Court Rejects Appeal of Gay Jury Selection Case
A federal appeals court on Tuesday refused to reconsider its ruling granting heightened legal protections to gays and lesbians, prompting three dissenting judges to warn of far-reaching implications in same-sex marriage cases in the Western United States.
The 9th U.S. Circuit Court of Appeals in January banned the exclusion of potential jurors because of their sexual orientation, saying such action was akin to striking someone from the jury pool because of their race or gender.
An undisclosed majority of the full 29-judge court voted against rehearing the case over the objections of three judges.
The dissenters, led by Judge Diarmuid O'Scannlain argued that the ruling "bears significant implications for the same-sex marriage debate and for other laws that may give rise to distinctions based on sexual orientation."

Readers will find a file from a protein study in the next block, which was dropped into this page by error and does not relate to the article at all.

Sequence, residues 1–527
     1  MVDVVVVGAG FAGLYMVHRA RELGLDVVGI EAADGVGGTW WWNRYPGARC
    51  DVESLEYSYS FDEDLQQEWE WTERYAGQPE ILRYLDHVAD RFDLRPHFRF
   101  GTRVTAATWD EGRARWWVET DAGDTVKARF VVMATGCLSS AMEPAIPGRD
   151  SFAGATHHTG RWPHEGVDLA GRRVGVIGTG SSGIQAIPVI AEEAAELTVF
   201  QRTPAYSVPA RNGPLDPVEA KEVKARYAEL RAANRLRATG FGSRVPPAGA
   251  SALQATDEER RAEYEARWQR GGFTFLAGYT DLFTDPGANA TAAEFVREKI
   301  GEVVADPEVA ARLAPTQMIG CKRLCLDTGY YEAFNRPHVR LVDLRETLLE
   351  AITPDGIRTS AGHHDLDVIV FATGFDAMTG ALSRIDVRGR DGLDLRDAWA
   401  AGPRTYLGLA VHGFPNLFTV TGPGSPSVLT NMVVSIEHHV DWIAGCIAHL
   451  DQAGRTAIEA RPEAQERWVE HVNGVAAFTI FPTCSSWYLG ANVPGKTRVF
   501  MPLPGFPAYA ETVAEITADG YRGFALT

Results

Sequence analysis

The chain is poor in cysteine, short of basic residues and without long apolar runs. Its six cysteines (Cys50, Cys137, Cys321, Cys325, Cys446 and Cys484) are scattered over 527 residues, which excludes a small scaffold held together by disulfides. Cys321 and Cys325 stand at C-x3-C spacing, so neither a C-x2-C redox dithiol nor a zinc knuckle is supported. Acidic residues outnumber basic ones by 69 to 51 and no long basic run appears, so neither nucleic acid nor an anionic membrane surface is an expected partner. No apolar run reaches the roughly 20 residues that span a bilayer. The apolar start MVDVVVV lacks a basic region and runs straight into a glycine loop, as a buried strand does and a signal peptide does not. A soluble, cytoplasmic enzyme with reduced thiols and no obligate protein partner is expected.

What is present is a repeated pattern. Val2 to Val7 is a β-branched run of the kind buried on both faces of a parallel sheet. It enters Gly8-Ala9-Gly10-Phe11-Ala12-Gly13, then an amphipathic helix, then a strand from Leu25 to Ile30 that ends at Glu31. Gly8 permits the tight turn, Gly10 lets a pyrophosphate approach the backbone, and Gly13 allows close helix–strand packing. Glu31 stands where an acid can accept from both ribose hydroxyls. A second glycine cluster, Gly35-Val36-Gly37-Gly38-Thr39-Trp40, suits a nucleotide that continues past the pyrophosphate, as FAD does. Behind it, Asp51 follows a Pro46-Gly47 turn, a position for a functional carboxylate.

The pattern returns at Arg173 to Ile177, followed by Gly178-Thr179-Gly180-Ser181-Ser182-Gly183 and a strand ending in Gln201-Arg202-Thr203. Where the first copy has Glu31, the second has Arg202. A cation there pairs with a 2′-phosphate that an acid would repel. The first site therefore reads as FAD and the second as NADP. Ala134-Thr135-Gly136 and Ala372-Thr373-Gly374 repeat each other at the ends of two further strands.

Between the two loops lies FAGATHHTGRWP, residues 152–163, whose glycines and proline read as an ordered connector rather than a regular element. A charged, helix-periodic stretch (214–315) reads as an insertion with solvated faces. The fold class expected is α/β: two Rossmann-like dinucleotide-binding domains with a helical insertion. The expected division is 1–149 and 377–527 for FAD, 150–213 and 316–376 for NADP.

O'Scannlain argues giving gays and lesbians the same protections as minorities and women prematurely decides the same-sex marriage issue without the U.S. Supreme Court's input. O'Scannlain pointed out that officials in Nevada and Oregon have cited the 9th Circuit opinion to drop official opposition to same-sex marriage.
A week after the Jan. 21 ruling, for instance, Carson City District Attorney Neil Rombardo withdrew opposition to a lawsuit challenging Nevada's gay marriage ban, citing the 9th Circuit juror ruling that he called a "game changer."
O'Scannlain was joined by Judges Jay Bybee and Carlos Bea. All three judges were appointed by Republican presidents.
The ruling is binding in the nine Western states covered by the 9th Circuit, including the four states with pending same-sex marriage cases: Hawaii, Idaho, Oregon and Nevada.
The juror case arises from a legal dispute between two rival drug companies over the price of a popular AIDS drug. After Abbott Laboratories won a favorable jury verdict in 2011, SmithKline Beecham appealed to the 9th Circuit arguing the dismissal of a gay juror was improper.
The appeals court agreed and tossed out the verdict and ordered a new trial. Abbott said it wouldn't appeal the decision any further.